It never rains but it pours for the south

Dorothy HendersonCountryman
Nick Ruddenklau takes a closer look at the flood damage.
Camera IconNick Ruddenklau takes a closer look at the flood damage. Credit: Dorothy Henderson

While farmers in the Wheatbelt may be savouring the prospect of high soil-moisture levels in the wake of the widespread rains that washed the State last week, Nick Ruddenklau is among those counting the cost of the deluge.

Mr Ruddenklau manages The Oaks, a 5000ha mixed farming property owned by J.A. Russell Australia and located between Gibson and Dalyup.

Since February 7, 125mm of rain has been recorded on the property, following on from about 50mm received late in January.

“We have already received 180mm for the year, and our annual rainfall is 525mm,” he said.

While the flooding rains caused minimal damage to fences on the property, the Dalyup and West Dalyup rivers became raging torrents during the rainy period and washed away crossings that provided access to paddocks and stock. Erosion has resulted as fast-flowing water took the easiest route across paddocks and down roadways.

“We have five creek and river crossings that have been affected by the water; our crossings over the Dalyup and West Dalyup River have both disappeared,” he said.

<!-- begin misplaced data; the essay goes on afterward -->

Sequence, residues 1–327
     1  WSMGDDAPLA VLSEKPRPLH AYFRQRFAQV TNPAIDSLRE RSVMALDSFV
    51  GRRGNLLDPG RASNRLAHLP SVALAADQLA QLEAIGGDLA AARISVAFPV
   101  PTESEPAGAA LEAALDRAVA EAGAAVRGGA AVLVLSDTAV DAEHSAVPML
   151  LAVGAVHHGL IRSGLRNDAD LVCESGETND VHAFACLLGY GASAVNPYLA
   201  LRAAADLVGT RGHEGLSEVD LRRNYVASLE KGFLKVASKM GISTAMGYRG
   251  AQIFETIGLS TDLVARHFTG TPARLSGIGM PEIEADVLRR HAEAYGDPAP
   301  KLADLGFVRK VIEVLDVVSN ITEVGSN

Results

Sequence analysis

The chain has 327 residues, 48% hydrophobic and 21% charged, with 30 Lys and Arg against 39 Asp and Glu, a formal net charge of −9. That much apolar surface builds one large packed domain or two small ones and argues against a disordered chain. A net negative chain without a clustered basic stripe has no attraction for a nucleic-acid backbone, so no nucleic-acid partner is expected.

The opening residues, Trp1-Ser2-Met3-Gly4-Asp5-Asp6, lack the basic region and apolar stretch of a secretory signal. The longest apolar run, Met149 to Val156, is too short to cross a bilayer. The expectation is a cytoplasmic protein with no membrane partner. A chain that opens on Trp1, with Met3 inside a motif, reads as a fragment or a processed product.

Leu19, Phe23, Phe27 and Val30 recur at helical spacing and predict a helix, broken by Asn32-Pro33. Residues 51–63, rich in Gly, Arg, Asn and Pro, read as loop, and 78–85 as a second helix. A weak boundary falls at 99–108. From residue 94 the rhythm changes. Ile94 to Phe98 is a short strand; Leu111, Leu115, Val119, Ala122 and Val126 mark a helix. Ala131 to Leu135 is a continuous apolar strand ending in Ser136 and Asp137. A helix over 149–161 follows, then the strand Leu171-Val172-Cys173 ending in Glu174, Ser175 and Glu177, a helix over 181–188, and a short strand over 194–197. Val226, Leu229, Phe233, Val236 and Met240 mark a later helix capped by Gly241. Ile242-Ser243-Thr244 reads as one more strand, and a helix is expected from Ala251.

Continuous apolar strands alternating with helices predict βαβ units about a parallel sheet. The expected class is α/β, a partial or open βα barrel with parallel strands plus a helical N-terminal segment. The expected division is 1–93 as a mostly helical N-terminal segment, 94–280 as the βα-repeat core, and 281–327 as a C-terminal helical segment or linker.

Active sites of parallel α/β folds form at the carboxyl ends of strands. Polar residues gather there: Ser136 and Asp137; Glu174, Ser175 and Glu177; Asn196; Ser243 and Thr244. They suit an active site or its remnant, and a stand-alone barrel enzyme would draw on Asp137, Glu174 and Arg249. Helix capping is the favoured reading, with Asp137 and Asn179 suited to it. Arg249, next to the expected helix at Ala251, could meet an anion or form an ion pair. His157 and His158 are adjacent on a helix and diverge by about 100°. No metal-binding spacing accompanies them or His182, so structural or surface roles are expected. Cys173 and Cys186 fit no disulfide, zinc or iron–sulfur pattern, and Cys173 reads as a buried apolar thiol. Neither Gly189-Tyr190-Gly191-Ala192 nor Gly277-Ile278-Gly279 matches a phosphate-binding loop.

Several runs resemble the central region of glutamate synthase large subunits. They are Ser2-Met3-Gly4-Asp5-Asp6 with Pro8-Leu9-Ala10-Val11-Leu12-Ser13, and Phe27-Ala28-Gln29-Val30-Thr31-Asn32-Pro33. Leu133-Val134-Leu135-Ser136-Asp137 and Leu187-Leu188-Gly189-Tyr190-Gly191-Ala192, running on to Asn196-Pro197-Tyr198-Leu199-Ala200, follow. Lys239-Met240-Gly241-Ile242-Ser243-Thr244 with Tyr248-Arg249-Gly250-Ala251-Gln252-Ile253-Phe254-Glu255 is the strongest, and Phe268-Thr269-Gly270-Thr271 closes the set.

Mr Ruddenklau said the Dalyup River crossing that could be driven over on Thursday was now unusable. Huge granite boulders and blue-metal that once provided a solid base for traffic now lie toppled in the still-raging river and jagged gravel edges drop off sharply into the river.

“On a positive note, the rain has kept our perennials going and helped block the summer feed gap,” he said. “The rain will have filled the subsoil and topped up the moisture level: unfortunately, we are in an area that tends to get waterlogged, so if we can order a slightly below-average rainfall for winter, that will be fine.”

The Oaks is a mixed farming enterprise, with canola, wheat and barley grown and sheep grazed on pastures and stubble.

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